At Home Game



Game Description

“Adrift is a puzzletale told through poems, illustrations, and physical artifacts, in which players will take on the role of a dream expert interpreting the significance of subconscious messages communicated by ethereal beings. Solve your way through a variety of puzzles to discover the mysterious world of Adrift.”

Personal Experience

After playing through The Emerald Flame, one of my favorite at home puzzle experiences, I was pretty stoked to see what PostCurious games had in store for their next entry. So when Adrift was announced, it was an instant pre-order for me.

It arrived by the time I had finished The Light in the Mist (another very excellent PostCurious release); so—still hyped from that experience—I played through it immediately. I may have done my self a disservice by not waiting a bit longer between experiences, because this one couldn’t quite live up to the lofty expectations set by the previous two entries. There were many good moments, but some really frustrating color-themed puzzles and a relatively thin narrative kept it from becoming a favorite. Overall, it took me about three hours to play through the experience.


The narrative portions of the experience are primarily limited to the story’s framing device, making for a leaner puzzletale than previous PostCurious games. You play as a dream interpreter and are tasked with investigating a series of abstract dreams and poems. This device is well-employed to show off the gorgeous artwork featured throughout the game. Artist Amelia Leonards‘s watercolors are vivid and otherworldly, perfectly encapsulating the vibe of a prophetic dream. The art is so good in this game that you may want to frame and hang it, which it seems like the creator anticipated considering that the four primary art pieces are printed on thick, framable archival paper.

However, unlike Emerald Flame and Light in the Mist, which wove their narrative masterfully throughout the experience, Adrift’s story and its resolution felt a bit divorced from the striking imagery. This isn’t to say that the narrative was bad or made for a bad experience—it was fun and definitely more narrative-minded than many I’ve played—I just needed to reframe my expectations to focus more on the puzzle and less on the tale.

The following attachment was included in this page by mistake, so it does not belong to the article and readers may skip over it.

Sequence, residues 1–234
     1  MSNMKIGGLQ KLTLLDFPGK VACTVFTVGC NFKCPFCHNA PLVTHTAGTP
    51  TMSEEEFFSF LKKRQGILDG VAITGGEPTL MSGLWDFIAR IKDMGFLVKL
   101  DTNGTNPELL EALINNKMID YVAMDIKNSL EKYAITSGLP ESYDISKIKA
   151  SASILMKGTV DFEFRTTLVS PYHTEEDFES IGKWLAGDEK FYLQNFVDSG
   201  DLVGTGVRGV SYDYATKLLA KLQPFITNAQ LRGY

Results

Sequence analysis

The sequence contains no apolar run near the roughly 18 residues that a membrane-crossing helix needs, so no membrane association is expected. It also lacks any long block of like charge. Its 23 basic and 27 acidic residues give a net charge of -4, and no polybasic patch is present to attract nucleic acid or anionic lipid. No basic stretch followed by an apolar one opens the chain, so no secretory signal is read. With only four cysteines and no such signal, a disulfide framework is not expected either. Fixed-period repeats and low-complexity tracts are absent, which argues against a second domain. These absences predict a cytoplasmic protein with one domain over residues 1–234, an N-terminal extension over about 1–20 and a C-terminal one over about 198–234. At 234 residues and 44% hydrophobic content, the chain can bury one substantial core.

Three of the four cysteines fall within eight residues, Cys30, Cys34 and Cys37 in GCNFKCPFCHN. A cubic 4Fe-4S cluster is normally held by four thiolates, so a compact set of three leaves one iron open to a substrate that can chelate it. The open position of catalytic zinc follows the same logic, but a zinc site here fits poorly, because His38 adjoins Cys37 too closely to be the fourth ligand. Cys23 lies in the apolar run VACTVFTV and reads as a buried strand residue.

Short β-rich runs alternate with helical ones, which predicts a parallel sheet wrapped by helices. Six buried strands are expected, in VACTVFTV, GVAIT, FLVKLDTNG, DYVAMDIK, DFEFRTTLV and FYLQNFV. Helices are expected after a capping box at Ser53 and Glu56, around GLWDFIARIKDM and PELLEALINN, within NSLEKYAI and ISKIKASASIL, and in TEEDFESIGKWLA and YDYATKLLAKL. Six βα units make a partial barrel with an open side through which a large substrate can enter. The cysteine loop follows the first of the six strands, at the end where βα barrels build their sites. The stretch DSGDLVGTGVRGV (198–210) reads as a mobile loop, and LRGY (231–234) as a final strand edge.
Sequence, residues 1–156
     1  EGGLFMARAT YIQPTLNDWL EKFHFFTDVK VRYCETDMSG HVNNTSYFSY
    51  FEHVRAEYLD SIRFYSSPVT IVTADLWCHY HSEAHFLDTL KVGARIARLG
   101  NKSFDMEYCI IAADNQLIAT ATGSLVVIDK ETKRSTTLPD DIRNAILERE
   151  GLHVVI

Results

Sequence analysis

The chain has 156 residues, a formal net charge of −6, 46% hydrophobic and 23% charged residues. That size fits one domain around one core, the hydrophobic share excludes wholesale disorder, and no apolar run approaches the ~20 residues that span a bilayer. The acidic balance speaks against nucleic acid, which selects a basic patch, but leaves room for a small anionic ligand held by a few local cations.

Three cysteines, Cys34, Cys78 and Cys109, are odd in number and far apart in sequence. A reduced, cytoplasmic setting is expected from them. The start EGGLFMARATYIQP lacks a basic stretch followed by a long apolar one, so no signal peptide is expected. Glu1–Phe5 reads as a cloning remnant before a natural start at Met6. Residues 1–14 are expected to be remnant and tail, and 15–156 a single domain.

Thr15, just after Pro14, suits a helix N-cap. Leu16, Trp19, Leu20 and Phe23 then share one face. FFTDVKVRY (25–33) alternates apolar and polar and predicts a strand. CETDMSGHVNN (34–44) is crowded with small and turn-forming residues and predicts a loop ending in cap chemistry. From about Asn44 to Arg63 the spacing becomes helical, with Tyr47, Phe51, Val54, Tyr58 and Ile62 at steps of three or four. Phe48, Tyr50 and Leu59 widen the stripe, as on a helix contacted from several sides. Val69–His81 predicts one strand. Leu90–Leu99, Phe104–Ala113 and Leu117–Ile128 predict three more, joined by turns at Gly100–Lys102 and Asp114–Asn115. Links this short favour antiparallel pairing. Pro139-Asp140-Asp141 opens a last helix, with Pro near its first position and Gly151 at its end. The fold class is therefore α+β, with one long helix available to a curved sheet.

Puzzle Play

The puzzle play in Adrift is pretty straightforward. The experience is divided into four, elemental-themed sections, each featuring a sequence of puzzles that ends with the introduction of a physical prop. You can tackle the sections in any order you choose1The game does provide a starting point, if you’re new to games or feeling indecisive. and each section, with the aid of the prop, solves to a single phrase. Combine the four phrases and to find the game’s solution.

The puzzles in each section where numbered in the order required to solve them, so it was always very obvious what puzzle you needed to be solving at that moment and what the next puzzle would be. Despite each section have effectively the same components: three poems, a watercolor painting, and a physical prop, they still managed to feel distinctive to the element they were associated with.

The big complaint I had with the puzzles —and the game as a whole—is a familiar one to anyone who reads this blog regularly: color accessibility. PostCurious has included some color-themed puzzles in all of their games I’ve played so far. However, they were a relatively small part of the previous two experiences. Color-themed puzzles make up a much larger portion of this game and they were especially frustrating this time around. So much so that I’m going to do something I don’t usually do and call out a puzzle and how I would fix it. If you don’t want minor spoilers, I’d recommend stopping here or skipping to the recommendation.

This is the first puzzle of the air elemental section:

An image depicting a puzzle using text and butterflies highlighted in corresponding colors.
The puzzle without color modifications.

And this is roughly what it looks to me:

The puzzle with simulated deuteranopia.

The greens and grays are indistinguishable, the purples oddly also seem to blend in with them too. For me, it was overwhelming in my inability to parse what words were grouped together and what color of butterfly they matched with. I tried using some computer tools to figure out the colors, before finally giving up and waiting until I had a friend over to point out which ones went where.

If I were tasked with fixing this design, I wouldn’t need to do much. Each butterfly has a unique wing shape, and I would incorporate them into the design of the word highlighting, taking the edge of the wings and adding them to one end or the other of the highlight. This is a quick Photoshop of what that might look like:

This still fits in with the theme and vibe of the puzzle, it just adds a secondary method for people who can’t discern color to be able to enjoy the experience as well. I also want to emphasize that, I love, love, love the work that PostCurious is doing overall. Their games are fantastic, I just don’t want to critique without having a proposed solution to offer.


While Adrift may not reach the dizzying heights of The Emerald Flame or The Light in the Mist, it’s still a great puzzle game. And for most people, I would recommend it whole-heartedly as a lighter entry into the beautiful puzzle world of PostCurious.

However, if your vision is color-impaired, I can’t recommend this game unless you’re playing with a person who can discern colors.


Type of Game: At Home Puzzle Game
Date Played: 2023-01-19
Price: $49
Company: PostCurious
Team Size: 1
Colorblind-friendly: No
Outcome: Win

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